In hindsight, it's pretty astounding how young the band was when making Rio, and how productive they were: Both that album and their debut album were released less than two years after the band formed! When you sit down and crunch numbers and dates, you also realize how long it took for "Hungry Like the Wolf" took to take off in America. These days, bands might not get a chance to have a hit; they'd be dropped or ignored in favor of something else. The stars really did align for Duran Duran's success.
You spoke to some of the band members for the book; how did their insight help you tell the story?
Their insights were really the foundation of the book. I deliberately talked to band members first, as I wanted their recollections and remembrances to frame up the narrative and direct where the book went, and provide direction on other areas to research and explore.
To that end, my questions to them focused on music, videos and songwriting. I wanted this book to discuss and emphasize the greatness of Duran Duran's music and the impact the whole Rio universe—videos, singles, remixes—had on culture. It's started to change these days, but for many years articles on the band seemed to focus on everything but their songs and music. As a fan, that always made me mad, so I wanted to write a book that placed Duran Duran in context with other great bands and musical movements.
Duran weren’t the first to embrace music videos, but they might have been one of the most significant. How did their approach shape the way we listened (and watched)?
Their videos are often described as mini-movies, which is correct. their songs were the soundtracks to their music videos—but unlike other artists, who maybe went random or abstract, Duran Duran's videos (especially in the Rio era) were well-thought-out and matched the songs. Russell Mulcahy and Duran Duran were the perfect pairing, and Ian Emes helming "The Chauffeur" was also brilliant. They raised the bar for what music videos could be—and knew how to leverage the ways in which the musical and visual experience intersected.
Let’s say you had to convince the Rock and Roll Hall of Fame to induct Duran Duran. What’s your argument?
How long do you have? (Ha!) One of the things that really became clear as I wrote and researched is Duran Duran's immense, enduring musical influence. I referenced this in the book, but you can name pretty much any musical movement of the last 35years—even incongruous ones, like nu-metal or grunge—and there will be a Duran Duran super-fan at the forefront. (I mean, I saw British metalcore act Asking Alexandria cover "Hungry Like the Wolf" with Korn's Jonathan Davis a few years ago!) Musical influence is a major Rock Hall factor, so that's one prong.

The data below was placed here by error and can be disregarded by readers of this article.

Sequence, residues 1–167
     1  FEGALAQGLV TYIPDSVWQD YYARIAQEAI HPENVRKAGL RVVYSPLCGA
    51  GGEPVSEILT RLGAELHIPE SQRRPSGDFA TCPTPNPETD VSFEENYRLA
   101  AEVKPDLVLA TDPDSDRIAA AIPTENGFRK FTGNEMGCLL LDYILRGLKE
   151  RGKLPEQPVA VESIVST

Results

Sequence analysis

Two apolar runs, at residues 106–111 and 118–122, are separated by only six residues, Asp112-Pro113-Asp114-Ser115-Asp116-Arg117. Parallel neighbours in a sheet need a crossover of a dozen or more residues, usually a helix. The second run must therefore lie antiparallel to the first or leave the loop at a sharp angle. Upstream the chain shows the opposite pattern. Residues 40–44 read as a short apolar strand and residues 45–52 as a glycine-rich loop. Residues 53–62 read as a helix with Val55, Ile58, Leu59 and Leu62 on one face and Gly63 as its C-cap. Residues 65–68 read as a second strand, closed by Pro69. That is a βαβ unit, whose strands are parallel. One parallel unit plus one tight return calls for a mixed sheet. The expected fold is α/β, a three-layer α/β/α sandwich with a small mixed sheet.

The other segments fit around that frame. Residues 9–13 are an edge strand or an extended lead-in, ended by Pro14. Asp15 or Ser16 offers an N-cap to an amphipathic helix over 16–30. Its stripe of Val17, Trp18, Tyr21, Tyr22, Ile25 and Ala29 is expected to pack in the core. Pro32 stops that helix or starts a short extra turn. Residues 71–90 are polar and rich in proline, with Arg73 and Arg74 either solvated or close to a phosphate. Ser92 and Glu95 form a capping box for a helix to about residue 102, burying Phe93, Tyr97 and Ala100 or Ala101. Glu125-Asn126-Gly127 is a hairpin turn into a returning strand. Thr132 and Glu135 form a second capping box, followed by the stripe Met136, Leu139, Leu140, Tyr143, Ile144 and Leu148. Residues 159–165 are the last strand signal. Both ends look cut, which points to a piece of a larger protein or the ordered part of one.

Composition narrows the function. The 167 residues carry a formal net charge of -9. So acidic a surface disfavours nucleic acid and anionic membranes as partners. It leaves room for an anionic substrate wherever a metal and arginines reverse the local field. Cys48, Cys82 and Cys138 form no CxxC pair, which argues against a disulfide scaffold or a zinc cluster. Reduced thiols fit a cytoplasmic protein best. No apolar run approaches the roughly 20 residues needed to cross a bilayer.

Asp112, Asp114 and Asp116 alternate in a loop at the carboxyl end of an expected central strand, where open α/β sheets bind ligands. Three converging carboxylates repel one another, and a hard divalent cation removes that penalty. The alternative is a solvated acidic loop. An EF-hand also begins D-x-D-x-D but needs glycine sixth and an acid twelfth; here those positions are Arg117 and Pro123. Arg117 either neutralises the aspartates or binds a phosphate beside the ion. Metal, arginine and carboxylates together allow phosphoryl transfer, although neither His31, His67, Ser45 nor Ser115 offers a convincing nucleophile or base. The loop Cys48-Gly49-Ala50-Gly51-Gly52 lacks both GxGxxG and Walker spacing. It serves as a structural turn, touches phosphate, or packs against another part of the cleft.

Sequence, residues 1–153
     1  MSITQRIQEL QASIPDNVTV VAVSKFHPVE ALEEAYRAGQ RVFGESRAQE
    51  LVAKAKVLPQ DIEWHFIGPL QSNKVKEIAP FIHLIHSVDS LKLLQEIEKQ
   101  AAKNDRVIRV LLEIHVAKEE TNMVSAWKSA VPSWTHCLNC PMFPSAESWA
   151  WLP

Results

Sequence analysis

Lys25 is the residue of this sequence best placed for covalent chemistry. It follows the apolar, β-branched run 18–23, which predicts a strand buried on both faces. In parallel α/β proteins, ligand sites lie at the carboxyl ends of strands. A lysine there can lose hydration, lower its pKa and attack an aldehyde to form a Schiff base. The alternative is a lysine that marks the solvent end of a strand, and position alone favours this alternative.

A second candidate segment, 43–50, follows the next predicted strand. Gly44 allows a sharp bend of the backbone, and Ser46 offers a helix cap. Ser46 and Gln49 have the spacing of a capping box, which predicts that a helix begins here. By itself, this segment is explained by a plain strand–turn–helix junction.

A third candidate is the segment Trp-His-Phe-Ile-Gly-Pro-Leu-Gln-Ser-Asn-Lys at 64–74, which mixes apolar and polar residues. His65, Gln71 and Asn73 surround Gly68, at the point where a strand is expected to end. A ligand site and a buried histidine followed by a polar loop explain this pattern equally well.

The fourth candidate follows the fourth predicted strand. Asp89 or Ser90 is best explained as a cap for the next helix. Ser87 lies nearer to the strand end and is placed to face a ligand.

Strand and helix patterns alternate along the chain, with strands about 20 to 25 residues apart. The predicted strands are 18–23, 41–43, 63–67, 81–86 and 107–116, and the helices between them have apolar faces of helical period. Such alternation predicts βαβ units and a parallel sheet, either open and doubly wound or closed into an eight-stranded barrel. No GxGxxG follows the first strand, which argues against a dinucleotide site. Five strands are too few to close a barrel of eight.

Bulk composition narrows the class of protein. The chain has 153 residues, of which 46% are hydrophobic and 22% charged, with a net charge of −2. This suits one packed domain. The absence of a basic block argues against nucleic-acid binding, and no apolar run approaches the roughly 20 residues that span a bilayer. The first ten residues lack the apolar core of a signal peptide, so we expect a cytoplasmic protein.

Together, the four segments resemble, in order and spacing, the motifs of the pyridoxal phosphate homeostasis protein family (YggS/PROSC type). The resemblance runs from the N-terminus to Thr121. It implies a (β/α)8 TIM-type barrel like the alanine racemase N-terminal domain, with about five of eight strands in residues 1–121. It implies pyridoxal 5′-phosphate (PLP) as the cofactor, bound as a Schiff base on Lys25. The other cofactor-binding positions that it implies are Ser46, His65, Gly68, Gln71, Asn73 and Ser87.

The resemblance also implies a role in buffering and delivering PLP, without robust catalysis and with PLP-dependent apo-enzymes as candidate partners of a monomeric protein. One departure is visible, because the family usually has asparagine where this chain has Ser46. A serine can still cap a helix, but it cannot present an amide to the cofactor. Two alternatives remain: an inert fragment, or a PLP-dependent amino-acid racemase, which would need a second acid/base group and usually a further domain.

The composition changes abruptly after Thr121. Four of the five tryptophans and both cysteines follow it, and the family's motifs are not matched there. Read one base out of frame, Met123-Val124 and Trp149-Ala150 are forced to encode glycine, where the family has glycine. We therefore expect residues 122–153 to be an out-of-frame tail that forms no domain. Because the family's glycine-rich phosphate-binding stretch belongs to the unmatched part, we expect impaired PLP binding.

The other one is simply their musical catalog and musicianship; for example, John Taylor doesn't show up on enough "best bassist" lists, which befuddles me. And, most of all, a large number of Duran Duran's influences are in the Rock Hall—Bowie, Roxy Music, Talking Heads, Sex Pistols, Nile Rodgers, Kraftwerk—and peers such as The Cure and Depeche Mode are inducted now too. Plus, Simon and John inducted Roxy Music! I think if The Go-Go's and/or Devo are inducted this year, it's really going to make people start to ask in earnest, "Where's Duran Duran?"
If you had to pick just one track off Rio…
It changes by the day, but on most days it's "New Religion." That song is a marvel: the arrangements, each individual performance, the mystery, the textures. It's so engimatic and dark, yet poppy. I don't think it's an accident that "New Religion" has remained in Duran Duran's setlist up through 2019. (My runner-up today, BTW, is "Lonely In Your Nightmare.")
Knowing that there’s no wrong answer: which of the five would we most likely find pinned up in your locker?
A photo of the whole band!
I understand your next book will be of interest to Totally 80s fans - can you tell us a little about it?
It’s a book on The B-52s' influence! It should hopefully be out next year.
Thanks again to Annie for talking to Totally 80s! Don't forget to get your copy of the book here or wherever books are sold.